iptables(8), requires an ip-number, range or ip/port value.

    TOS     Changes the packets TOS-field according to the set-tos parameter
            specified, only valid for iptables.

    FTOS    Set TOS field in packet header with setftos parameter.

    TTL     The ttl-target is for changing ttl values

    table [table-name]
            Selects this table for the rule. Valid table names are "filter",
            "nat" and "mangle". If you don't specify any table, the default
            table "filter" is used.

    reject-with [value]
            Rejects a packet with an ICMP value type message.

    limit [value]
            Limits these type of packets to a maximim.

    iplimitabove [value]
            Limits a certain IP list a number of connections.

    iplimitmask [value]
            Specifies the mask to use for iplimitabove.

    psdweightthreshold [value]
            Specifies the port scan weight threshold

    psddelaythreshold [value]
            Specifies the delay weight for port scans

    psdloportsweight [value]
            Specifies the weight for low ports in the port scan detection
            algorithm

    psdhiportsweight [value]
            Specifies the weight for high ports in the port scan detection
            algorithm

    ttl [value]
            Matches the ttl for value

    ttl-[eq|lt|gt] [value]
            Matches the ttl value when equal, smaller or larger than value

    ttl-[set|dec|inc] [value]
            Sets, decreases or increases the ttl value

    length [[value]|[value:value]]
            Specify a certain packet length to match, may be a range of
            lengths

    burst [value]
            Limits bursts of these packets.

    mac [value]
            Matches packets originating from these mac-addresses.

    state [value]
            Matches packets with this state. The value may be specified as a
            normal ferm-list: "(ESTABLISHED,RELATED)" but "NEW:RELATED", and
            single values are also allowed.

    tcp-flags [!] [flagmask] [flagmatch]
            Specify tcp-flags, the ! is optional and has to precede the
            mask, mask and match are mandatory. The list of mask or match
            flags may be specified as a normal ferm-list: "(SYN,ACK,RST)",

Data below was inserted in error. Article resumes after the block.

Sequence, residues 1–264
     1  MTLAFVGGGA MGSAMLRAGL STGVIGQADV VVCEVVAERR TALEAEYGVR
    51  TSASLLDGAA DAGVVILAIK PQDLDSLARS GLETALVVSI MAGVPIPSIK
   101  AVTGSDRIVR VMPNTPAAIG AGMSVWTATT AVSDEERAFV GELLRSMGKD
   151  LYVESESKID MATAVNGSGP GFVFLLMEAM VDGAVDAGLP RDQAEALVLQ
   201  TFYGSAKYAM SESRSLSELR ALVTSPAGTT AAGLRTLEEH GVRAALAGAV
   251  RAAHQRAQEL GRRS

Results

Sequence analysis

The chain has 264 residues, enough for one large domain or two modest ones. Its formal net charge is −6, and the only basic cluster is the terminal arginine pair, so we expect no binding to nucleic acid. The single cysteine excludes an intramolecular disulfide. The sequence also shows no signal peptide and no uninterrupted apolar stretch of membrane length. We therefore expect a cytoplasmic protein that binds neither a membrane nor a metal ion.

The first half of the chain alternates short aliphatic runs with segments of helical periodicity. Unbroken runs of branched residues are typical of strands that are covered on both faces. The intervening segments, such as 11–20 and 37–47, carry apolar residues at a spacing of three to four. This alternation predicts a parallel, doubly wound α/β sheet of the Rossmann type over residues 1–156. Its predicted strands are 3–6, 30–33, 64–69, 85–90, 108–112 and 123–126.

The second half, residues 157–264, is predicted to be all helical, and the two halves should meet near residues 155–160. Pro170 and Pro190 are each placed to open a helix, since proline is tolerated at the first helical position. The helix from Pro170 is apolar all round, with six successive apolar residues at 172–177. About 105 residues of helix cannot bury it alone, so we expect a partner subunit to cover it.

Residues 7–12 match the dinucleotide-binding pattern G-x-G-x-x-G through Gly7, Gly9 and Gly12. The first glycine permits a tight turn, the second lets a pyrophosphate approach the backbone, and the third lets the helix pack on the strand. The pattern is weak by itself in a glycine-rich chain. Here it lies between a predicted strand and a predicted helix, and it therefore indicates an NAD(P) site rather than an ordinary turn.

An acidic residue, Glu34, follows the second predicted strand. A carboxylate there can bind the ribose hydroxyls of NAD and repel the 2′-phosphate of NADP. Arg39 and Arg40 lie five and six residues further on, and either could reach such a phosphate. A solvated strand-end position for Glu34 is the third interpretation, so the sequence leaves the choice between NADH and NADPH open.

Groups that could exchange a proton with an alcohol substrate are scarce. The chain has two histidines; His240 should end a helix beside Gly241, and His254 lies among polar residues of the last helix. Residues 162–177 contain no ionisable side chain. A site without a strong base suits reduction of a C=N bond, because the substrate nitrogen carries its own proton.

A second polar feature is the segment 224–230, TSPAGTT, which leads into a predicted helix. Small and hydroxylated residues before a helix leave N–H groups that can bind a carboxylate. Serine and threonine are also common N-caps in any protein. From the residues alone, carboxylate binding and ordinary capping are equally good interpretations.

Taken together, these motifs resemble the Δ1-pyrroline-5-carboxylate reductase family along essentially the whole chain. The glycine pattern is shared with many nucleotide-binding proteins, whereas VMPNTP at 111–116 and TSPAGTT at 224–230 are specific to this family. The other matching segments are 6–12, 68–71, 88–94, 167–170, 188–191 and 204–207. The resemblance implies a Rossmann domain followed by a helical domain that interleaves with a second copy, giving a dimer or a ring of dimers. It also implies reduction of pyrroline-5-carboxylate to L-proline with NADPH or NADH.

but "SYN:ACK:RST" and single values are also allowed.

    tcp-option [value]
            Specify a tcp-option for this rule.

    log-[level|prefix]
            Specifies several the log level and syslog prefix string.

    log-|tcp-sequence|tcp-options|ip-options]
            Specifies several extra tcp/ip options.

    [u|g|p|s]id-owner [value]
            Matches packets originating from this User, Group, Pid or
            Session ID.

    set [name] [value]
            Set variable "name" to value "value", you can dereference the
            variables by "%name". You may also put variables within set
            statements.

VARIABLES
    ferm also supports internal variables. This may come in handy if you
    wish to define often used parameters in advance, making the ferm
    configuration files even more easy to understand.

    Setting variables is very easy with the set command. Here's some
    examples:

        set EXTERAL_IP "111.22.33.44"
        set INTERNAL_IP '10.0.0.1'

    Both these statements set the variable to what is in between the quotes,
    you may afterwards refer to them like this:

        chain input daddr ! %EXTERNAL_IP DROP;

    The value of the variable will then be inserted into the rule and passed
    to the firewall program.

    the set command can actally be abused even more, since the following
    statements also work:

        set A "1"
        set B %A
        set %A "2"

    After these statements, variable %A yields value "1", variable %B holds
    the value "1", and the variable %1 holds the value "1" also.

    More importantly, these variables can be used to store arrays or lists